Overlanding, 4×4 trainer and back country adventurer Tom Severin from Badlands Off Road Adventures offers some excellent strategies to handle those inevitable tire failures we all encounter.
Tires are generally the number one cause of off-road driving problems.
Tires, by their nature, take a lot of abuse while off pavement. Trails are anything but smooth. Stuff happens! A stick jams into the sidewall; a rock that is ideal to skip across a lake slices the sidewall like butter; or a decent size rock hiding behind the bush on a turn cuts the sidewall between the rock and the rim. The probability of tire damage increases when you add into the mix a fatigued or distracted driver.
When tire damage happens, try fixing the tire first. Meaning, don’t just automatically swap in the spare. Do that, and you’re left with no backup.
Many times, a punctured tread or minor sidewall puncture can be addressed quickly. One or two plugs solves the problem, allowing the trip to resume. If you can’t fix the tire, you now have no backup should another tire be damaged.
Now you need your tire failure strategy!
Having a tire failure plan (strategy) before you leave home is the key. Don’t leave home with bad tires! Period. You hit the trails with even one damaged tire, and you’re asking for trouble. You may complete your ride, but why start a trip risking a flat tire?
A good strategy is to choose wheeling buddies based on their vehicle’s lug pattern and tire size. In a worst case, you use can use their spare. In fact, wheel with other similar vehicles so you have other spare parts you might need as well.
If you know your adventure will be difficult and remote, and you have had more that your share of tire problems, pack a second spare, either mounted on the rim or by itself. Store it on the top of your vehicle. This strategy gives you two spare tires – more than enough for the typical 4WD trip.
Another (last resort) strategy is to buy an inner tube that fits your vehicle’s tires. (Harbor Freight and other retailers carry them.) The tube is your deep, deep, back up line of defense.
Fix the tire.
The best strategy is to try to fix the damaged tire. Some minor cuts can be plugged, allowing the trip to continue without losing too much time. Use your plug kit; put a new valve stem in if was damaged, or re-seat the bead. Use one of the spare lug nuts in your kit when you lose one in the sand changing tires (smile).
Incidentally, you know that in general you can’t plug a sidewall. But, if it holds a plug on the trail at 7 mph, it is a reasonable expedient repair to get back to the highway. If a sidewall plug lets go at 70 mph, I don’t want to be riding with you! Related reading: Tire Problems shouldn’t Deflate Your Day
Can’t fix the tire? You have some decisions to make.
If you cannot fix the tire, put on the spare and head home or find the nearest tire store and replace the damaged tire. You’ll miss part and perhaps the rest of the trip, but you’ll also enjoy the peace of mind that comes with riding on good tires.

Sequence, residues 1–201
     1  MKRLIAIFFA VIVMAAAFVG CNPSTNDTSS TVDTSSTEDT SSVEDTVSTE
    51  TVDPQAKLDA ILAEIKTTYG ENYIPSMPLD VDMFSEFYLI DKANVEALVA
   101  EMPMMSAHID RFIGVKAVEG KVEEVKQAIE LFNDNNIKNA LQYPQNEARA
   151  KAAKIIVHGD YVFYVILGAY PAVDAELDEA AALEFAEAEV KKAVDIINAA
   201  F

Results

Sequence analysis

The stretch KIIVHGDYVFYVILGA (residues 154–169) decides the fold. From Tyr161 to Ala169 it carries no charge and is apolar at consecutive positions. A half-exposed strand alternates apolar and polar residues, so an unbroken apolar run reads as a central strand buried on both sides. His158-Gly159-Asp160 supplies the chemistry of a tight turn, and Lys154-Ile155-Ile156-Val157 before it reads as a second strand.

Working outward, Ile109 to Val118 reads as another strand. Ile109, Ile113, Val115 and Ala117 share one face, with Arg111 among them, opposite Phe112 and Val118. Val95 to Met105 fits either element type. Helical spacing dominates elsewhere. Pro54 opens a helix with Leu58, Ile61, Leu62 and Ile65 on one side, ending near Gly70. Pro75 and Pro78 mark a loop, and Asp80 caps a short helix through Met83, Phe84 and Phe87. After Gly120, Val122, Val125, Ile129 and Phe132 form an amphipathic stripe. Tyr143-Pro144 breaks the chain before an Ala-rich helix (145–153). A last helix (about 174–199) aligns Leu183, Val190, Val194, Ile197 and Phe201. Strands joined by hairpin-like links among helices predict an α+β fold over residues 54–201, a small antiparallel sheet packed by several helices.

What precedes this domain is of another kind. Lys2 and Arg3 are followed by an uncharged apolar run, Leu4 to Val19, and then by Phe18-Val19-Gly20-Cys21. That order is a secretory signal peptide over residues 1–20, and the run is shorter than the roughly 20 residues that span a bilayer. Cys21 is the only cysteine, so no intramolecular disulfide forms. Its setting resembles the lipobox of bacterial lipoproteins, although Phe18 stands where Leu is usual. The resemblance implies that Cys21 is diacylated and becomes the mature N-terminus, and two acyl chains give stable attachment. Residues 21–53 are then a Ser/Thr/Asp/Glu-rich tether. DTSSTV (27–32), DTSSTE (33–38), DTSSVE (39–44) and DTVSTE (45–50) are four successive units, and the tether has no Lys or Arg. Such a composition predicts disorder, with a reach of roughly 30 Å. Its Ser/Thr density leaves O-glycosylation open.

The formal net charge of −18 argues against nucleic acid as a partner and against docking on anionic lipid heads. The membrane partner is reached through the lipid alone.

Don’t want to miss the rest of the trip? Agree on a meeting location and time frame for rejoining your convoy. If the area is too remote or unknown to you, see if you can negotiate with the group to camp and wait for you. And by the way, good radio communications (HAM and Sat phones) really help in these situations.
Now, better late the sorry, check the lug pattern and tire size of all the rigs. Maybe you will get lucky and discover that tires can be swapped between Jeeps, and even between a 4-Runner and a Chevy pickup. Good chance you will not have any more problems but if so, you have access to another spare tire.
Always watch for tire-getting obstacles.
Four wheeling off pavement by its nature is tough on vehicles. As such it requires your undivided attention. While focused on the trail ahead make sure you’re watching for hazards that can damage your tires. We don’t experience flat tires in town as frequently as we used to (years and years ago).
Going off road is a different matter. You must be cognizant of the condition of the trail and surrounding areas. Any time you see a tire-damaging obstacle, slow down and try to steer around it if you can safely and responsibly. Resist the temptation to hit the gas and plow over or through it. You could damage more than just tires. Sharp-edged rocks are common in many mountainous areas; watch for them!
Sidewall issues, like any breakdown, require you to evaluate the situation and make a decision. Can you quickly solve the problem and continue on? Or do you put on your spare and plot the shortest route to a tire store?
The correct decision depends on the circumstances you’re facing. And each trip is unique. Spend some time before each excursion imagining how you’d handle a sidewall or other tire damaging issue. Doing so will help make that decision easier, should the need arise. Just put “tire strategy” on your trip planning list and you’ll be a lot happier in the end!
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